Swallowed dusk

For the dverse prompt.

evening june

 

Overhanging boughs, the leaves
weigh heavy with summer, the eaves
dropping fruited vines
and twining, brambling briar,
berried sweet.

And about the house
and meadow broad with sun,
sleek-feathered darts, winged and songed,
throng the still, hot air, dust-moted,
gnat-dancing of this golden dusk.

Published by

Jane Dougherty

I used to do lots of things I didn't much enjoy. Now I am officially a writer. It's what I always wanted to be.

60 thoughts on “Swallowed dusk”

      1. You really think so? 😉 Here the are producing their own beer, and nobody will think that with the same incredients the Scots and the Irish people can make such wonderful whiskey.

  1. Your quadrille is infused with late summer/early autumn essence, Jane. I’d love perfume made of it. The splitting of the prompt word across lines is perfect, as are the ‘sleek-feathered darts, winged and songed…gnat-dancing of this golden dusk’.

  2. No swallows here, just starlings and crows.The beauty and delicacy of your piece is very impressive; loved it.

  3. I remember that late french heat and miss it in part, it’s been wintery here for the past two months, i think we had an early summer. Also our blackberries are still red- i keep trying to pick them but they are still heard and heavy. The photograph is sublime and is married so well with this poem. The last movements before it all changes. Perfect title Jane

    1. Thanks Damien 🙂 Our blackberries are almost finished and the figs. The bambies ate all the apples and this has been a no-plum year.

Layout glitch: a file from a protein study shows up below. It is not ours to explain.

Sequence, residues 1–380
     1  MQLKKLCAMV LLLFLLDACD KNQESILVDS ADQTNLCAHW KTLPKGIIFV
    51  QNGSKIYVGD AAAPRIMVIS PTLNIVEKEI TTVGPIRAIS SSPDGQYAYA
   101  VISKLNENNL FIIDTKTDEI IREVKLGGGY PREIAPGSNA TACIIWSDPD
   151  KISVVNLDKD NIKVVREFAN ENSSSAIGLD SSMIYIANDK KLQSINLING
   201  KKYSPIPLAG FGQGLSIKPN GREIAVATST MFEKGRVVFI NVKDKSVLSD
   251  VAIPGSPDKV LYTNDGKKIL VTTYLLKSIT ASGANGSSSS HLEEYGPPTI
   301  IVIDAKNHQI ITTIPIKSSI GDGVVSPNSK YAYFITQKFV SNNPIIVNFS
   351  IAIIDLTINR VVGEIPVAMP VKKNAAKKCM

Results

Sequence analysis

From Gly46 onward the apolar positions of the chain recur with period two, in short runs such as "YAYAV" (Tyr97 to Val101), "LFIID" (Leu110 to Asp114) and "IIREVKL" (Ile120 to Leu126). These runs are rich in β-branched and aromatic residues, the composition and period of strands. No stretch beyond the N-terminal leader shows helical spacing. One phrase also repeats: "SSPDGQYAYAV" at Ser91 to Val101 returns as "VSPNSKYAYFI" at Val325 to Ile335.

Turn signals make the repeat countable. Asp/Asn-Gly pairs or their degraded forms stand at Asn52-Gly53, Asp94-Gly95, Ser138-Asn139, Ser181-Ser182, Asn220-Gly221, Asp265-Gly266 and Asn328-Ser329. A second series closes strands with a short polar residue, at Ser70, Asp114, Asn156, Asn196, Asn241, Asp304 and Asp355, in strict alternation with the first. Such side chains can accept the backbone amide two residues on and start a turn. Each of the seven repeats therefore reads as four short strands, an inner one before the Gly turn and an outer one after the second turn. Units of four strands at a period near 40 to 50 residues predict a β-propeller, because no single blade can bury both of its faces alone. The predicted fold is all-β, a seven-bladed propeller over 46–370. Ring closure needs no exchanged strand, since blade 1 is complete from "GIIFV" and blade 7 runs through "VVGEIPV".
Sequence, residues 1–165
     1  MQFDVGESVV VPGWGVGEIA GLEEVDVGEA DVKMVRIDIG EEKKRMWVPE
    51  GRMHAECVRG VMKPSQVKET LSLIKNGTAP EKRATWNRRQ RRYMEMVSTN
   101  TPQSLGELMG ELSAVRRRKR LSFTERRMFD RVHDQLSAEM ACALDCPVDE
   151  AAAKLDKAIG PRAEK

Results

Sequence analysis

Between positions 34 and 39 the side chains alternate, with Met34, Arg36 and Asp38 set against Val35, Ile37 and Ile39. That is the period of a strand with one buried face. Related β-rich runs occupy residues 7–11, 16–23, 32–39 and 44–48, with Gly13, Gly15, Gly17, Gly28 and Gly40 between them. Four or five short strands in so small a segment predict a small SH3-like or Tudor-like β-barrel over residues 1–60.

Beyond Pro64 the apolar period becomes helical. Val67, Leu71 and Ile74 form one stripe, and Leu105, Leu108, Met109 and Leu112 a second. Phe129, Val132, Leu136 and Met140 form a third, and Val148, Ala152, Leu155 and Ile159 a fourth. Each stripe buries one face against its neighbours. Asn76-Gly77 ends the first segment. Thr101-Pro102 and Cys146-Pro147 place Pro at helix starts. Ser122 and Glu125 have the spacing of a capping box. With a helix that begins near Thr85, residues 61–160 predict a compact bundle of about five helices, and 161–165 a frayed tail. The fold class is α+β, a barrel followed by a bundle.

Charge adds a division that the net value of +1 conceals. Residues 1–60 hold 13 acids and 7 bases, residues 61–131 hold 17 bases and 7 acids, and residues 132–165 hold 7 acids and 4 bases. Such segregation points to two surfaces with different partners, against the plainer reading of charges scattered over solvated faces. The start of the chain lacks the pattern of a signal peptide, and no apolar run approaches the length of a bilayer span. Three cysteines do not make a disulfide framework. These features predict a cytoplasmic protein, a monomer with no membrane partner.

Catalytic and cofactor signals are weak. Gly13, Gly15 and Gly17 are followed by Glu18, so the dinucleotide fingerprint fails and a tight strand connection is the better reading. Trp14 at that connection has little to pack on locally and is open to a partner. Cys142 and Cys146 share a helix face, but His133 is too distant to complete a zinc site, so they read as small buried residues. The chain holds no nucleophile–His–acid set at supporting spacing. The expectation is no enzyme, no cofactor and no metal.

I listened to your podcast this evening and it was a real pleasure. Not least your accent which I somehow imagined would have been altered by living away, but nope, Dublin.

      1. Ah thanks Jane. I still can’t hear my own accent which is funny. It still sounds locationless to me but I’m glad to hear Dublin in it. Good luck holding onto those fading long evenings before the season flips. Meanwhile I await red berries to darken

      2. We have fields full of them. They’re pretty when they’re in flower, but at the moment they look like any flower gone to seed, just as you say, about 10′ tall!

  4. I agree with Truedessa–this is really beautiful. The sound and flow of it, as well as the depiction of late summer. I love the compound words, and the clever way you broke up the prompt word. 😀

  5. The lighting on the photo you’ve used here is exquisite. Clever splitting of the word for your poem.
    “and twining, brambling briar,
    berried sweet.”
    And I love the way you’ve used the word “berried” — just so well done overall Jane.

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